• Active Sports
• Sports Leaders UK
• TOPS programme
• Benefits to individuals, community and government
PE – National Curriculum Aims
Physical confidence,
skilfullness and competence
Perform in a range of
activities
Opportunities for all
Plan, Perform and
Evaluate actions –
‘critical performer’
Jan07Q2
Ans
Opportunities to be
creative, competitive
and challenged
Positive attitudes
towards active, healthy
lifestyles..knowledge of
the body in action
Discover aptitudes, abilities
and preferences, choices about
lifelong physical activity.
NC Structure
• Key Stages 1-4 (Y0-2, Y3-6, Y7-9, Y10-11)
• Content areas – Games, athletic activities,
swim, gymnastics, dance, outdoor & adventure
• Theoretical and Practical elements
• Progression from general > specialised
• Areas of Assessment
• End of KS Levels – statements – Levels 1-8 +
Exceptional achievement
PE NC- Structure - March 2009
• KS1 – dance, games, gym
• KS2 – dance, games, gym + 2 from swim,
athletic, outdoor/adventure
• KS3 – 4 from games, gym, dance, athletic,
adventure/outdoor or life saving/swimming,
fitness and health
• KS4 – 2 from the above
Role of the Government
• Department of Culture, Media and Sport
“from the playground to the podium”
• National Sports Councils/Sport England –
advise, invest in and promote community sport
• Exchequer or Lottery funding
• Sport pathways – community sport, sport clubs,
coaching/officiating, volunteers, facilities
Effects on School Provision
• 2001 “The Government’s Plan for Sport” lead to
“Game Plan”
• Major increase in participation – health benefits,
reduction in crime, increased social inclsuion
• Improved international success – ‘feel good’
• Grass roots focus on under-represented groups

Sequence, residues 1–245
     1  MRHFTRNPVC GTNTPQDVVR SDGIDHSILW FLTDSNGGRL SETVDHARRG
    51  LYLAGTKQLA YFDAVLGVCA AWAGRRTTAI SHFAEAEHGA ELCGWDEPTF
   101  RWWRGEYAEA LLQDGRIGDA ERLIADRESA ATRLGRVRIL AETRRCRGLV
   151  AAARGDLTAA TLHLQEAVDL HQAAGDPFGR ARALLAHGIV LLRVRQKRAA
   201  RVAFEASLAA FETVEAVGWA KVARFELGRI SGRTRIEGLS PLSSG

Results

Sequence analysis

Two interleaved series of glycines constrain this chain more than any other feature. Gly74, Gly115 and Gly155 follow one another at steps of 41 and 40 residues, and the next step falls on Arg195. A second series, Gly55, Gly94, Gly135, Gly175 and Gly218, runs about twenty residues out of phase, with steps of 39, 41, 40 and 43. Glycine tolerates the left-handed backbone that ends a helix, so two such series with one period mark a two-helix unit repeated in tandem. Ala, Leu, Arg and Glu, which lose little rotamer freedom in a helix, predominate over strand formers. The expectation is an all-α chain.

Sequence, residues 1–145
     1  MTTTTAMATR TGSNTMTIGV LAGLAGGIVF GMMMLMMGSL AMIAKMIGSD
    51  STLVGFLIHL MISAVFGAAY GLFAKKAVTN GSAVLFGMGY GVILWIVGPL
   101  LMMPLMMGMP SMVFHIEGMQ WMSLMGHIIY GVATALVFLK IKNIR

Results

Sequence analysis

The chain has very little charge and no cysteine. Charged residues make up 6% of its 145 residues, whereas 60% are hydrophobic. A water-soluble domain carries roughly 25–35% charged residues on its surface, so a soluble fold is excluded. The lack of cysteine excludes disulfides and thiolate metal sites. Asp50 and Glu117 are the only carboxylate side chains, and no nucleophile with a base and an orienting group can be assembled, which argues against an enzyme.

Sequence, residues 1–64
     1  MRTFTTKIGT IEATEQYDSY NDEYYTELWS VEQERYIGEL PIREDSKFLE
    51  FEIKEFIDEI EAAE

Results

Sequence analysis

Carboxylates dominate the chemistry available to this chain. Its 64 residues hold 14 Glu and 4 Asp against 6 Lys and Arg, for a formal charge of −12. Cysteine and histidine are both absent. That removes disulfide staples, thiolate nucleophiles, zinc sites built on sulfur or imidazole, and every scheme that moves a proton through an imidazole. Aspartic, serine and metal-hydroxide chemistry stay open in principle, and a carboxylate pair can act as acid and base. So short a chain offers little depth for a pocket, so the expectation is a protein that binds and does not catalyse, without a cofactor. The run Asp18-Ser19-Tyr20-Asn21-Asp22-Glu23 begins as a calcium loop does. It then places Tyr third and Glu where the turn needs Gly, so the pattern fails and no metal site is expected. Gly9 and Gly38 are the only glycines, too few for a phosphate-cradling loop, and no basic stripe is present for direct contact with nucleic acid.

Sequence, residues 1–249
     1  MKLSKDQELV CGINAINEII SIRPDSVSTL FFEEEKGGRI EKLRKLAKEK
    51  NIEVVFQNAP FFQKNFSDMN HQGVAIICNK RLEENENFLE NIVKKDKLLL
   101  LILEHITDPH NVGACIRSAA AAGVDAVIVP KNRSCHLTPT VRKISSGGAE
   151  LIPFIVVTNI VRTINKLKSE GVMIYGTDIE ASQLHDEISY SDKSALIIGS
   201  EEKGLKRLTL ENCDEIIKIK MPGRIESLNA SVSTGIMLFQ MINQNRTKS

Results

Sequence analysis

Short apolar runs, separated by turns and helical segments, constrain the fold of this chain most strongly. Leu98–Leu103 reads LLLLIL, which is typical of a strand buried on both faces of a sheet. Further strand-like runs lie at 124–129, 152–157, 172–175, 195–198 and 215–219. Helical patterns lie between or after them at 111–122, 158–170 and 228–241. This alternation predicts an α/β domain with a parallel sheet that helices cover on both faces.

• NGB - PESSCL, Whole Sport Plans, Active Sports
• Schools - TOPS programme, Sports Leaders UK,
Sports Colleges, School Sport Coordinators
Using the power of
sport to improve the
lives of young people.
Aim - deliver high quality PE and sport to
all young people, regardless of ability.
Top Tots (18m – 3y), Top Start (3-5)
Top Play (4-9), Top Sports (7-11), Top
Link (14-16), Top Sportsability
(Disabled)
YST Schools
PESSCL enhance the take-up of sport
opportunities by 5-16 year olds.
“By 2008 - 85% of school children to
spend a min of 2hrs/week PE and
school sport within and beyond the
curriculum” 5 hour offer
Specialist Sports Colleges - PE and sport at the
centre of the curriculum. 480 2008. Raise attainment
in the school and local hub
School Sport Partnerships (SSPs) are groups of
schools working together – primary & secondary.
Partnership Dev Manager > School Sports Coordinators
Leadership
Academies (1419) provide the
opportunity to
refine and
develop
volunteering
skills and
experiences.
STEP ON (11-14) In PE introduced to sports leadership
and volunteering, learn how to plan and manage their own
sports season.
STEP IN (14 -16) Through volunteering learn to manage
and support school-based sporting events.
STEP OUT (16-19 ) Move from school to communitybased volunteering.
School Sport College - Objectives
Develop an enhanced, inclusive
curriculum & e-c programme that
maximises participation in PE and Sport
Raise school standards of
attainment in PE and Sport through
high quality teaching and learning
Community (wider inc business
/employer partners ) to develop sport
opportunities , promoting participation
and achievement in Physical Activity and
Community Sport.
Whole school improvement overall personal development &